My love for driving mountain roads has put me in a bit of a pickle, and possibly saved my life.
On recent weekend, I hit a pretty decent sized pothole that was hiding in an area that was flickering in and out of the shade and bright sunlight beneath tall redwood trees. I didn’t know the depth or danger of the hole, until I hit it.
Now, while I have been monitoring my tire’s treadwear, the collision caused me to get a whole new set of tires before I thought I was ready. I had been trying to hold out until next month or October. I figured I had time before the rain started to fall.
But after seeing the knot the pothole created in my front passenger side tire, and after viewing the other three tires, the tire shop specialist told me that waiting was out of the question.
He used some multi-colored tread measuring gadget to prove that the tread on all four tires would pose a danger -- especially in wet weather. What's more, he said I was at risk of blowing out a tire. A blow out at high freeway speeds could cause a collision. Someone could get hurt, or even killed, over something as simple as tire health. I can't live with that.
So, I broke down and bought new tires, spending $350 sooner than I had planned. While I had figured that, since there were still grooves in my tires, they had to still be good. But I didn’t realize it had been nearly two years since I last replaced my tires. Yes, it was
time for new wheels.
To help you better roll down the road, here are some tire facts from www.betirespart.org and www.zerowaste.ca.gov.
When to replace your tires
Tires must be replaced when your tread is down to 2/32 of an inch to help prevent skidding and hydroplaning. Grab a penny and test your treadwear by placing it in the grove of your tires.
If part of Honest Abe’s head is hidden, you’re good to go. If you can see his entire head, you’ve got bad tread and should go buy new tires as soon as possible.
Another way to tell if you need new tires is by checking the built in treadwear indicators, or “wear bars,” which appear as smooth rubber across the tread. They appear when your tread is worn down to 1/16th of an inch. When you see them, it’s time for new tires.
Make sure to check your tires for uneven wear. If you have high and low areas or unusually smooth areas, drop by your tire shop as soon as possible.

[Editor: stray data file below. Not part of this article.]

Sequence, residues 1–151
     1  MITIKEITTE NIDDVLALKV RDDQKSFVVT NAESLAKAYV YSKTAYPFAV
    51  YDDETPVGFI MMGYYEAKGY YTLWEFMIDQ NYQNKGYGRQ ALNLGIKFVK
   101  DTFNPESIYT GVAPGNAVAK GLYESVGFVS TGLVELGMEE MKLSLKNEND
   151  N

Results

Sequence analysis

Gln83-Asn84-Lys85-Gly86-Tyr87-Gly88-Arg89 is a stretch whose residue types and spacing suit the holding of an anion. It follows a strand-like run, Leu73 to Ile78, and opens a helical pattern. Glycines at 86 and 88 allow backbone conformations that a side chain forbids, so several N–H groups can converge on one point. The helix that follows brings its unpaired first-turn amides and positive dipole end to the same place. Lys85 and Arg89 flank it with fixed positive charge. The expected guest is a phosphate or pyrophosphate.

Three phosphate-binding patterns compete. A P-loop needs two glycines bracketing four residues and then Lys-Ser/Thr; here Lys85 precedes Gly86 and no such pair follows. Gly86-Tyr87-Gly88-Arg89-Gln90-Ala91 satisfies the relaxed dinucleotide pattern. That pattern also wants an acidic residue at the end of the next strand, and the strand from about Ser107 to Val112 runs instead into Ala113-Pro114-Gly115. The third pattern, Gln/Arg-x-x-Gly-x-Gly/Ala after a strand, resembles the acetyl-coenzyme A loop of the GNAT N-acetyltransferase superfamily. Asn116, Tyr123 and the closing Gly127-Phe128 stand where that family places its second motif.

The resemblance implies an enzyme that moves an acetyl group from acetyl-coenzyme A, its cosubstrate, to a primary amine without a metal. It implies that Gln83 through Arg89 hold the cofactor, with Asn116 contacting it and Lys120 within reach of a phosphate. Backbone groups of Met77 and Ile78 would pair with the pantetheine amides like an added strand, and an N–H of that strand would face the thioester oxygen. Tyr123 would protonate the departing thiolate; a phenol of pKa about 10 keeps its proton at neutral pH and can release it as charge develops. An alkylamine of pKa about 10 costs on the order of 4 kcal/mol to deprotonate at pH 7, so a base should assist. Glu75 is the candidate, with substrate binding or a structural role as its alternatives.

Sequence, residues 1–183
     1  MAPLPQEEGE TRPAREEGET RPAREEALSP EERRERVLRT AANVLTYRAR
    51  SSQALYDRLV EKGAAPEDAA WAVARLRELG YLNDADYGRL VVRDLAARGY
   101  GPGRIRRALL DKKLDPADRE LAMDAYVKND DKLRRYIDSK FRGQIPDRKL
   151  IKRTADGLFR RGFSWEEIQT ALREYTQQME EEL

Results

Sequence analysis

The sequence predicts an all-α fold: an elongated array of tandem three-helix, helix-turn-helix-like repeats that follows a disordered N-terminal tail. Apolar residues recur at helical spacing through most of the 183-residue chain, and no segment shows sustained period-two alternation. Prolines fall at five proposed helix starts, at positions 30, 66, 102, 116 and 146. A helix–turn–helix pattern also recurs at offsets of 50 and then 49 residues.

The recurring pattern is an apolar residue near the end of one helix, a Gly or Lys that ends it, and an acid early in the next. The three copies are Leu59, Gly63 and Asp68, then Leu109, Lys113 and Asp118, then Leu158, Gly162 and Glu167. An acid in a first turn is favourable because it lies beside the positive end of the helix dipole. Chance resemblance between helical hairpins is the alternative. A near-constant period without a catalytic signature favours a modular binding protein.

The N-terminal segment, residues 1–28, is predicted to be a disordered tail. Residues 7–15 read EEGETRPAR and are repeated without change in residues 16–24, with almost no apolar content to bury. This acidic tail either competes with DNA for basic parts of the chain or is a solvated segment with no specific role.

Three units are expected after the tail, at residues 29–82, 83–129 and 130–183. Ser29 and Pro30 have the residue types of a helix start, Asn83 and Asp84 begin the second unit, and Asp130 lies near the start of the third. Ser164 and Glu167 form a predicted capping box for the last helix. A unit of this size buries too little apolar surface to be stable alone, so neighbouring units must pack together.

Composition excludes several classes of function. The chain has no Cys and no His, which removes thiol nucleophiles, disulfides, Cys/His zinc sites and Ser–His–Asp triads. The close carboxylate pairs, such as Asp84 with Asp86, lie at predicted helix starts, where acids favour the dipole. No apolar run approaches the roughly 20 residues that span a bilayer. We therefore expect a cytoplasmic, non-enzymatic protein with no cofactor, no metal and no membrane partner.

Caring for your tires
Having the proper amount of air inside your tires is just as important as having the appropriate amount of tread on the outside. Accurate tire pressure and maintenance increases vehicle safety, gas mileage, steering ability, tire life, as well as prevents blowouts and reduces harmful emissions.
Here are some statistics from the state about tires and how people care for them:
One more thing
- Annually, under-inflated tires contribute to 660 fatalities and 33,000 injuries, according to the National Traffic Safety Administration.
- Eighty-five percent of drivers do not properly check their tire pressure.
- Nearly one out of three drivers incorrectly think under-inflated tires perform better during trips in which their vehicle is fully loaded.
- Seventy-three percent of drivers fail to check the air pressure in their spare tire.
- Decreasing your driving speed will extend the life of your tires.
- Rotating your tires every 5,000 to 8,000 miles will ensure each tire is getting equal wear, thus increasing their life and safety.
- The recommended inflation pressure is located in your vehicle manual, not on the outside of the tire. The number on your tire refers to the “maximum permissible” inflation pressure.
- The best time to check for air pressure is when the tire is cold and has not been driven in at least three hours.
- Tires can lose one pound per square inch for every 10 degrees the temperature drops. For safety’s sake, check your tire pressure once a month.
Each year, California rolls through and tosses 41 million tires. Learn what happens to those used tires, as well as how you can help reduce tire waste at www.zerowaste.ca.gov.
And for information on how to handle yourself if your tire blows out while you're on the road, visit www.safety.com.